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Oyster Bay's Nicole Giannetti takes Nassau Coaches Invitational 1,500 meters

Nicole Giannetti from Oyster Bay wins the girls

Nicole Giannetti from Oyster Bay wins the girls 1500 meter run during the Nassau Coaches Invitational at MacArthur on Saturday, April 26, 2014. Credit: Steven Ryan

The result was in doubt as the field rounded the final turn in the Nassau Coaches Invitational 1,500 meters. Friends Academy's Katrina Garry and Jericho's Celeste Traub were running neck and neck, barreling down the last straightaway.

But then, seemingly out of nowhere, a third challenger appeared. It was Oyster Bay's Nicole Giannetti. The senior, who spent most of the race in the middle of the pack, used a strong kick in the final 200 meters to shock the field and win in four minutes, 59.50 seconds at MacArthur Saturday.

"I don't think anyone saw me coming," Giannetti said. "I really like that. They weren't prepared to kick with me. I had a head start because I already knew I was picking it up. They were slowing it down. Once I got to them, I was already in my sprint, so they had to start up again."

Giannetti entered the race as the seventh seed, giving her a less than advantageous lane position.

"I was stuck in lane three for the first 50 meters," she said. "That had never happened to me, so I was kind of uncomfortable. There was a girl right next to me. I knew I had to sprint to go in front of her and make my way to lane one."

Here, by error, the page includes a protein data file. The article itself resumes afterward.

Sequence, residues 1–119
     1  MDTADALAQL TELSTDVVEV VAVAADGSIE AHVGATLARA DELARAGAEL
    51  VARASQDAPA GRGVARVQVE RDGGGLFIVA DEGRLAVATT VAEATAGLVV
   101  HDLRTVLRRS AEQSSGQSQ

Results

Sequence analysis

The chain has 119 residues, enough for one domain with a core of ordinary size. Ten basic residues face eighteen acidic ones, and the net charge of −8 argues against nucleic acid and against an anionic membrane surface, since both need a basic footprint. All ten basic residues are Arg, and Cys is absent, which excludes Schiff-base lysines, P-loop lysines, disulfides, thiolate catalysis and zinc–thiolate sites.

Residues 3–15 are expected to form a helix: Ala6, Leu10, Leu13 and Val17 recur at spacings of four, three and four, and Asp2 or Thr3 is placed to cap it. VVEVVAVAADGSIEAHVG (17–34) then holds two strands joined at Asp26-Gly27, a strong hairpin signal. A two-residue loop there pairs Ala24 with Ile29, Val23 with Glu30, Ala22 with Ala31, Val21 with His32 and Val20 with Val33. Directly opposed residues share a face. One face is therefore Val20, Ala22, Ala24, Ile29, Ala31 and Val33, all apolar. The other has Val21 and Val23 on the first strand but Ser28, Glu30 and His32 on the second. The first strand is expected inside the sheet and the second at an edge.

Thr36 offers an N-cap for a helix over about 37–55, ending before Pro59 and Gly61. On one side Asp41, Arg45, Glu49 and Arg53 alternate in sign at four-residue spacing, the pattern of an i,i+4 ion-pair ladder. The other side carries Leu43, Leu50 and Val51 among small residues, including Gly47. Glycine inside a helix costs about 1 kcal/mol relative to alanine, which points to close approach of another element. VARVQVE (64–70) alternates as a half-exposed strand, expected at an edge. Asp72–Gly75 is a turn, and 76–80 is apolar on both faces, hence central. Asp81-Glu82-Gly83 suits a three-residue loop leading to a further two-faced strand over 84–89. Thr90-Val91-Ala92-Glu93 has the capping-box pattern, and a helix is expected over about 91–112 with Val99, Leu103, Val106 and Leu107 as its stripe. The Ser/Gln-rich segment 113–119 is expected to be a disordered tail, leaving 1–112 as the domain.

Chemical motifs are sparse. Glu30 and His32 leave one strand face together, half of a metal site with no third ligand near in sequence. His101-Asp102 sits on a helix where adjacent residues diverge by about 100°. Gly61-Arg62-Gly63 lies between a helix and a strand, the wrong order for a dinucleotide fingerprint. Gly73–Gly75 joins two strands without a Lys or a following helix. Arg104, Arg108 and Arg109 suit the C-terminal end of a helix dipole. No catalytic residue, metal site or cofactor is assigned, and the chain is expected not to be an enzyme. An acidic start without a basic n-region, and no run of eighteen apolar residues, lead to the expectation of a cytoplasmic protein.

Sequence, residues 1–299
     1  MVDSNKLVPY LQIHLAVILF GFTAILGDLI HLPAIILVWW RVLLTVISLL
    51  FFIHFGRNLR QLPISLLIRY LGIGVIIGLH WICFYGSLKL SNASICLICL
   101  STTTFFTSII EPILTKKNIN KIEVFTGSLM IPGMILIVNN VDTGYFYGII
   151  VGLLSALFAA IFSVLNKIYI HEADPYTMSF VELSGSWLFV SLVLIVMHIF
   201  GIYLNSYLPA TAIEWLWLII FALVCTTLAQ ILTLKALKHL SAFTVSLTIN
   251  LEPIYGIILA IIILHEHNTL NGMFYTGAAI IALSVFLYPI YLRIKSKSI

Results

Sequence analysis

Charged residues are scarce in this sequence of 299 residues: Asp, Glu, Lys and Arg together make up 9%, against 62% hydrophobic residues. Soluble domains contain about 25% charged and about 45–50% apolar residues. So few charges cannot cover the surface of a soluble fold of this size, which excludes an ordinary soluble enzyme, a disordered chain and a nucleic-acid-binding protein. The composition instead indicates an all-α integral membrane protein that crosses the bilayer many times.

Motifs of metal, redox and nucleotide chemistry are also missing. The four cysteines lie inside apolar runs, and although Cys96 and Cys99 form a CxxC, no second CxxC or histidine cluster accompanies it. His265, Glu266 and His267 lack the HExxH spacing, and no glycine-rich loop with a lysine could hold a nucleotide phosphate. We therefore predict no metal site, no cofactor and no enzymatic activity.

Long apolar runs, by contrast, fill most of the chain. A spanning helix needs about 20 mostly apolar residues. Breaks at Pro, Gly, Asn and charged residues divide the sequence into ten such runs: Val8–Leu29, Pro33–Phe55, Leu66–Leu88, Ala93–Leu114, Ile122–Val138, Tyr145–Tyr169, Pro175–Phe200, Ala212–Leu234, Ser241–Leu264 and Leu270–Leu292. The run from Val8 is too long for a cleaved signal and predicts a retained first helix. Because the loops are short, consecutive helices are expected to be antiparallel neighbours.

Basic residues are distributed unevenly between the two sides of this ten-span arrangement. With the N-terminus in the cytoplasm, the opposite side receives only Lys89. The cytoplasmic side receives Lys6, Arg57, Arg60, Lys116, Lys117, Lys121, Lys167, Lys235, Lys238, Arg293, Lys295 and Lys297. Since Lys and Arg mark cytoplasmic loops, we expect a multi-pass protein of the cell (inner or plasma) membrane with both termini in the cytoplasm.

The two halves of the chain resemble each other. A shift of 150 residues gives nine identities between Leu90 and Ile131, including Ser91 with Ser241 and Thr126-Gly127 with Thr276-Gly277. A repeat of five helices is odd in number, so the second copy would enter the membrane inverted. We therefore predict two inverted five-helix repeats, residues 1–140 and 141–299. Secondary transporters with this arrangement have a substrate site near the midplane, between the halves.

Garry finished second in 5:01.10. Traub was third in 5:01.70.

Chaminade's Jordan Brown also came from behind in his race, winning the 400 in 50.60 seconds.

"I didn't try to do that," Brown said with a smile. "After the first 100, I noticed that everyone started to pull away from me. I knew that I had to stay calm. I just used the kick that I always use."

Brown said he was confident in his ability to catch the top of the field in the final half of the race.

"You have to believe in yourself when you come through that final 200," he said. "You have to keep those legs moving and make sure those arms keep moving as well."

The victory came despite Brown reaching his top speed later than usual.

"I felt like I got there a little bit late," he said of his optimal gear. "I got there at the 70-80 meter mark. You want to be there at the 40-50 meter mark. I adjusted by giving 110 percent effort to try to keep up with them."

Garden City's Tim Josephs didn't have to come from behind to win the 3,200, but he did have to hold off Jericho's Jose Velasquez, who was on his shoulder until the very end. Josephs needed to use every ounce of energy to hold off Velasquez in the final 50 meters and win in 9:47.70. Velasquez finished in 9:48.10.

"I couldn't have gone any faster," Josephs said. "I gave everything and collapsed afterward."

But Josephs popped right back up, satisfied with a win that was a little more difficult than anticipated.

"From [Velasquez's] PR, I thought he was going to hang with me for three quarters of the race," Josephs said. "But he was good. He stuck with me."

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